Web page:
Chinese and the disrespect for authority

Why do Chinese not listen?

Why do Chinese not care?

Rather, the question I’m asking is why do Chinese have such a problem with authority?

Why do they disregard “the rules”?

To the outsider, their wanton disregard of the rules is both flagrant,  and arrogant.  And it contributes to the more chaotic situation of it’s society today.

The anything goes mentality within China harks back to the Wild West.  Many an American living in China today, upon returning home for a visit, use this phrase to best describe China today.

So let’s ponder the reasons. 


Quite frankly, China is a mess.   There is no way in hell China only has 1.3 or 1.4 billion people.   It is more likely that officials undercount more so than overcount.   Many a Chinese statistic is unreliable, if not all of them.   That’s not a diss.  It’s just a reflection of how lacking the powers that be have on the situation at hand.  Ok, maybe it is a diss.  China has had 60 years now to get things right.   China is pretty good at a lot of things(propaganda control, anyone?), but statistics isn’t one of them.
Bottom line, I think China has a population close to 1.6 billion, at least.   That makes the CCP and what it’s done all the more impressive.   Or rather, if you insist on saying it’s a monument to the people despite the CCP, well….I won’t argue that one.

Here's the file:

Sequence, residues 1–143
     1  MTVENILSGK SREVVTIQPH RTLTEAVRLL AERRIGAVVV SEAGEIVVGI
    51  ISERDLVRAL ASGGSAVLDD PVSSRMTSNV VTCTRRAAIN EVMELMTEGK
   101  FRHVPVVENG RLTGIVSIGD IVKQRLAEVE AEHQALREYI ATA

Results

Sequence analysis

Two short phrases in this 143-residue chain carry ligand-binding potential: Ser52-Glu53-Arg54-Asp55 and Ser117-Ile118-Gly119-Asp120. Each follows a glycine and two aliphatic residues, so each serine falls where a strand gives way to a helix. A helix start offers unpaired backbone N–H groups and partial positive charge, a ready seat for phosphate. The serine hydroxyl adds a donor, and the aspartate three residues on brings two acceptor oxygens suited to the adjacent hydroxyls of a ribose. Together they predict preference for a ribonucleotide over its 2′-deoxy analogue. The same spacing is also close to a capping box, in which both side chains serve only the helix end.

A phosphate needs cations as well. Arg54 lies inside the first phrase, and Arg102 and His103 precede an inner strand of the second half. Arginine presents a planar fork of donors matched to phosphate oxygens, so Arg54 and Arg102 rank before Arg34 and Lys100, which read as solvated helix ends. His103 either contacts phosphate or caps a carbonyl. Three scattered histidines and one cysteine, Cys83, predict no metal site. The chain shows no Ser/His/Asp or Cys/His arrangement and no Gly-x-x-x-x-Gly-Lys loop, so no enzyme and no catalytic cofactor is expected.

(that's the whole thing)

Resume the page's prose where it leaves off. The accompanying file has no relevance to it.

But the People around us, on the subways, in line at the elevator, etc,simply make China hard to control as a rule loving society.

Rules, rules, rules, everywhere a damn rule.

Quite frankly, the Chinese have grown up seeing nothing but rules.   Or slogans.   And it’s only human nature when you receive too much of something… become desensitized to it.    Yes, we all know murder is wrong.   The State doesn’t have to show that.   What is irksome is that the State feels the need to explain everything.    Right or wrong, the State feels we have no common sense.

Upon entering the subway platform, a whole list of rules is spelled out….

No spitting

No littering

(Now why one on earth would I want to spit on the platform?)

In a way, these dire warnings are an insult to the decency of the Chinese people….except their not.

When crossing a pedestrian bridge one sees the same signs

“No throwing litter on the highway”…..

You don’t say….

The Pace of Development

How often do we see people of all stripes jumping a barrier in the median, to get to the other side?  

Willfully dodging cargo trucks and the like.

We think the worse of these people, don’t we?  The animal within us begs these people get what they deserve.    One of my staff actually once ran over one of these people.   His car was confiscated for a week. 

Than we realize they are crossing the street this way, stupid that it is, because there are no pedestrian bridges within site.   If there is something China needs more of, it’s bridges to allow people to cross the street.   

Now am I saying bridges don’t exist? 

No I’m not.

Are they few and far between in some places?